She merely pronounces what you did in a few straight lines. Mrs. Rutland has no need to seal your fate; she knows you’ll do it for her. She knows and this is why she asked you to pick up the pencil. Somehow she knew you were one less deserving than the rest. Call it the mark of Cain if you will. But in your case the question of what you did is not in any respect relevant to anything.

The Principal has you in his complete domain. You know the Principal; you’ve seen him around before and never had much of a problem with him. He surely looked friendly enough, although you haven’t actually talked to him. But now he seems different. You notice the Principal’s pock-marked face, you notice how much he seems to like Mrs. Rutland, you notice how sharply his tie is tied, and you notice the bottleneck of whiskey sticking out of the desk drawer. And the paddle, with several holes drilled into it, hanging on the wall, actually fills you with hope and relief. At least Mother might not find out.
You have to sit in a large old cushioned chair, and are told not to leave the room while the Principal goes and takes a leak. After he shuts the door you begin to make little whimpering noises and you absolutely think you will go out of your mind. In the few moments you have alone, you think what your possible choices are, and of course, the only real thing that matters is that you make a deal without Mother knowing. This is about all the bargaining power you have, and you weep, and you smile, and you weep, and you smile, and you weep, and you smile.

But you keep condemning yourself; you’re a revolutionary, an individual, and so forth. You keep defining yourself and making it worse with every remark you say to the Principal. You will not accept the fact that the pencil was lying on the floor. You will not agree to that, and it’s all the Principal wants. You even go so far as to talk about “kid’s rights,” and bringing in witnesses from the class. You nearly have the Principal rolling on the floor hysterically with your inflammatory speeches. He asks, What in the hell is wrong with you? Do you think you’re a superstar? Do you think you’re Alexander the Great? Do you think you’re a god?

You’ve been with the Principal for half an hour and the bargaining is about over. He feels the need to tell you how important it is to listen to your teachers. He tells you how much about life you don’t know. He tells you how important it is not to disappoint your parents. And every time you think you’re off the hook, he says he ought to call your Mother, and you sink back into your unimaginable gloom. You’ve never felt this way before, and you’ve been around, you’re in the fifth grade.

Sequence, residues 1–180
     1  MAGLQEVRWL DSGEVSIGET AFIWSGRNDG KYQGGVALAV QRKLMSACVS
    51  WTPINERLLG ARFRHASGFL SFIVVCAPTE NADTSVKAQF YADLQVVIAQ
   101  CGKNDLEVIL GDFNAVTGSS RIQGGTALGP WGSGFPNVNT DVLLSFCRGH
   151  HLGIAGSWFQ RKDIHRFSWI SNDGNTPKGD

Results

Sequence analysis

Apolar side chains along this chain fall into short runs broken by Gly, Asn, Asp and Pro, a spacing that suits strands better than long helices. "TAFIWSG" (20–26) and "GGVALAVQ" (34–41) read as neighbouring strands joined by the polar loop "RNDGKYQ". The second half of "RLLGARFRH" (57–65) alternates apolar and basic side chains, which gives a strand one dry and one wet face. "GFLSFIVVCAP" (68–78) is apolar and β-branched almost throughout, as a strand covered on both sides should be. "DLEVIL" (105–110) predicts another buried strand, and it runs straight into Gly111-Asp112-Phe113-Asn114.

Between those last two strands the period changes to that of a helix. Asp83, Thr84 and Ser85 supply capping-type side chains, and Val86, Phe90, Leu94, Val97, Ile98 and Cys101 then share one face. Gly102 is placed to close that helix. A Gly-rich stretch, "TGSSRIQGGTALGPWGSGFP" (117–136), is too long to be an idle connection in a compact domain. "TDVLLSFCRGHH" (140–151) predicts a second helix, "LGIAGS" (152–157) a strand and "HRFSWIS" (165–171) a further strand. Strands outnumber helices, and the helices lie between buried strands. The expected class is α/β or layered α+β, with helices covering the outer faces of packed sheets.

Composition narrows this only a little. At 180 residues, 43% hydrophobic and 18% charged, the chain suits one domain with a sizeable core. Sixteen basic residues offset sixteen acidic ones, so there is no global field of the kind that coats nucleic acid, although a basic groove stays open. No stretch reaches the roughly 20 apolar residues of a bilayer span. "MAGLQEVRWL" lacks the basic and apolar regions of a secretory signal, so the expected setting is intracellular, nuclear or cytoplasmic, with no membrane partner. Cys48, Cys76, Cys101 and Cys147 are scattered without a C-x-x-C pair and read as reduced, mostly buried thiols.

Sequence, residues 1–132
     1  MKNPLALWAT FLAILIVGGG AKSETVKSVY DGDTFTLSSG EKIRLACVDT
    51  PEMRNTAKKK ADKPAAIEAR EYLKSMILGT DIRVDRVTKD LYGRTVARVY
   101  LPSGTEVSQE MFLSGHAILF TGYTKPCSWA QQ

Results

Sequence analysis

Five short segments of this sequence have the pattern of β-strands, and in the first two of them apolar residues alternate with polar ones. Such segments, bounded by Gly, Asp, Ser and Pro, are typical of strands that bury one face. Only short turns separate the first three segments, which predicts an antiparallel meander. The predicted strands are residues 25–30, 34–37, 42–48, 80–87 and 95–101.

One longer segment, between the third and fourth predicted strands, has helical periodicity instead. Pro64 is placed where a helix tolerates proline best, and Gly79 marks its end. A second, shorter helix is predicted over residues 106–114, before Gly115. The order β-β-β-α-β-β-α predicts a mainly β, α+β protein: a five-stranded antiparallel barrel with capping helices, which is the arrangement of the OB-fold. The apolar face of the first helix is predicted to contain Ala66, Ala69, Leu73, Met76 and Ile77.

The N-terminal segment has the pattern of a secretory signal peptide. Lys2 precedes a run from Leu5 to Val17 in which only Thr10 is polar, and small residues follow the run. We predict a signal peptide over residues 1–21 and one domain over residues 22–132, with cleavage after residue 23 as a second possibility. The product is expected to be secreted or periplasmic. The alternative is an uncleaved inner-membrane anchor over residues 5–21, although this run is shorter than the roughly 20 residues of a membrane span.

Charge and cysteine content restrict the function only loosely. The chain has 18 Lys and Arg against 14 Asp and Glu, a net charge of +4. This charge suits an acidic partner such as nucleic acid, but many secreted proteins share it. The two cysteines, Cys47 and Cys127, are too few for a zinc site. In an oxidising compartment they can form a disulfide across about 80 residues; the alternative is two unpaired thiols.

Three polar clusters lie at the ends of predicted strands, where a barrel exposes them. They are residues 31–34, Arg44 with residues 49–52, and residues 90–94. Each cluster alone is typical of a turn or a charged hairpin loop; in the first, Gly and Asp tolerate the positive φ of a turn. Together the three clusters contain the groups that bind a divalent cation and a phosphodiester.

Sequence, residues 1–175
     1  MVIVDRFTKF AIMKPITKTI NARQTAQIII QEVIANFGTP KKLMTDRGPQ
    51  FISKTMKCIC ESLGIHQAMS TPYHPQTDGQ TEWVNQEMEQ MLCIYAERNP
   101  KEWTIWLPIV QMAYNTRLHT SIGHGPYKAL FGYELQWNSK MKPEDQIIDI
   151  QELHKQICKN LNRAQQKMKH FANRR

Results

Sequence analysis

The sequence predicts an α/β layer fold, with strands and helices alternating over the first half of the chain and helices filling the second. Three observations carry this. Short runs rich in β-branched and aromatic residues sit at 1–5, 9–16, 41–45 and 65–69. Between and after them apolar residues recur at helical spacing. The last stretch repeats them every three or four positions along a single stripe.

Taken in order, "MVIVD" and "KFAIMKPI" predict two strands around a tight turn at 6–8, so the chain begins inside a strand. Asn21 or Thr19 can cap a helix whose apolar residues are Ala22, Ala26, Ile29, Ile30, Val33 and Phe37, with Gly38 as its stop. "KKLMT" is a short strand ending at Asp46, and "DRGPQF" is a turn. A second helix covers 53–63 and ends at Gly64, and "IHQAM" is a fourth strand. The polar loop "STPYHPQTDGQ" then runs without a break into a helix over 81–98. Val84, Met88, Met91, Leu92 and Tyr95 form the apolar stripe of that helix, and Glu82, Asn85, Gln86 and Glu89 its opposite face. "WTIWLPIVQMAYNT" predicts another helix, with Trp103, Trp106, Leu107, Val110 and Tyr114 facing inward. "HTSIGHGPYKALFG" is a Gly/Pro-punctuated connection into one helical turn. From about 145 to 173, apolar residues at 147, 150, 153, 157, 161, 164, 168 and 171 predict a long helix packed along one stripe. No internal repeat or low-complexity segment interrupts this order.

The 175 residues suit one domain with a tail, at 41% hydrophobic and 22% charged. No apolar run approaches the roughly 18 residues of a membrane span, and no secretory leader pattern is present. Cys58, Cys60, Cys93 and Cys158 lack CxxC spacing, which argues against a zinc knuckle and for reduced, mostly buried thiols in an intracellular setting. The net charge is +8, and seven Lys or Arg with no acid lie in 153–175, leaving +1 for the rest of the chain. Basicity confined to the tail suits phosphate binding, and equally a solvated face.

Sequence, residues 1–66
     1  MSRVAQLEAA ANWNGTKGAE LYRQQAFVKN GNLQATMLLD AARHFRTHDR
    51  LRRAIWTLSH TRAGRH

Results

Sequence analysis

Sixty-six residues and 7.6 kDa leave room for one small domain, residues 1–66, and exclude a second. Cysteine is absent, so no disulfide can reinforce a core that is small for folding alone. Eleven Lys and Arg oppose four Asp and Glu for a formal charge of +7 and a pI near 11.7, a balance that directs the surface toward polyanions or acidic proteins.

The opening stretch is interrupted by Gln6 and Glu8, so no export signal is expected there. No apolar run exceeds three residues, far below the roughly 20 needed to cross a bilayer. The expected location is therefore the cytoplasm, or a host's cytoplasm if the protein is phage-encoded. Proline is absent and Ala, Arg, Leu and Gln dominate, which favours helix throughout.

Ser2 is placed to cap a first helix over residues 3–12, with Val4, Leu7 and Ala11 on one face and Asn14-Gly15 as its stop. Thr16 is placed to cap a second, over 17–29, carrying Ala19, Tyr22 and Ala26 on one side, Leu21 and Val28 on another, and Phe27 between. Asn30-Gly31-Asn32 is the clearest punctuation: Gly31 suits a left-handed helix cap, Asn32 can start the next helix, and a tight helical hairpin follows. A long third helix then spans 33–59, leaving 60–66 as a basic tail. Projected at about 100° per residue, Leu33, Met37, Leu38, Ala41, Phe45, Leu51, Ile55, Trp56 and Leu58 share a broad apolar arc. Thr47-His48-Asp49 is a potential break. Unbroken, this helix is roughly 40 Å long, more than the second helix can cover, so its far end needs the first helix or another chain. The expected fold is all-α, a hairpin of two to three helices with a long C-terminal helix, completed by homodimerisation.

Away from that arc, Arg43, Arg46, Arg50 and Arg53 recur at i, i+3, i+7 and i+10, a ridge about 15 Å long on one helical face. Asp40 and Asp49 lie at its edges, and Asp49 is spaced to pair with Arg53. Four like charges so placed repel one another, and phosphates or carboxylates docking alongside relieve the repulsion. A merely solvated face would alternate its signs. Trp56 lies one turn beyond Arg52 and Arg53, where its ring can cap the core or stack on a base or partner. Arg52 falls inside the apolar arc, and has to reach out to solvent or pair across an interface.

You make the deal and perhaps it has something to do with a call from his wife while you sit in the chair with all of your misfortunes running over. After the phone call his face is severe, and you start slipping, slipping, and slipping. Thinking of the injustice no longer helps; in fact, you think maybe the injustice was all in your head. The Principal knows what you are thinking, and he knows he has you because you want it too bad. So it’s ten licks with the paddle and five days of recess detention, and an apology to Mrs. Rutland, and you count your lucky stars because Mother will not find out and you hardly feel the air-swishing licks across your ass.



CISWY Live! in Redwood City: The Videos
May 9, 2008, 6:32 pm
Filed under: Uncategorized

Did you miss Wednesday’s Can I Sit With You? Live! in Redwood City performances? Never fear; now you can have a glimpse of what it was like to be at that fantastic show.

Jenifer Scharpen Reads “A First Grade Reader”

Elaine Park Reads “Forever Young”

Lea Cuniberti-Duran Reads “A Non-Catholic Upbringing”

Jackie Davis-Martin Reads “Lose and Win”

Judy McCrary Koeppen Reads “Men-Stru-A-Tion”

John Kim Reads “Spitting Image”

Jennifer Byde Myers Reads “Sorry, Charlie” (Apologies, this is a very brief excerpt from a charming performance. Stupid camera.)

Shannon Des Roches Rosa Reads “The Joker’s Wild” (and overacts quite a bit out of sheer nervousness)

—–

Again, audio from the Seattle show is coming soon.



Can I Sit With You? Redwood City Recap

Jennifer Byde Myers Reads "Sorry, Charlie"

Our very own Jen Myers reading her story Sorry, Charlie.

Last night’s reading at Angelica’s Bistro in Redwood City was a lot of fun, and quite a success. We filled the place, which was good for us though harrowing for the restaurant staff. We were thrilled to see so much support for the project, sell so many books, and have guests like Grace Davis and Left Coast Mom in the audience.

A few restaurant patrons who didn’t realize there was going to be a show but stayed to watch anyhow (we’re that mesmerizing!) came over afterwards and donated money to SEPTAR, the special ed PTA to which all of the Can I Sit With You? proceeds are directed. Very touching.

The show featured our scheduled readers, Jen Scharpen, Elaine Park, Lea Cuniberti-Duran, Judy McCrary Koeppen, Shannon Des Roches Rosa, and Jennifer Byde Myers. We were also lucky enough to be joined by CISWY authors Jackie Davis-Martin and John Kim


Go see photos of all the readers
(except Shan, who took the pictures). Video excerpts to come.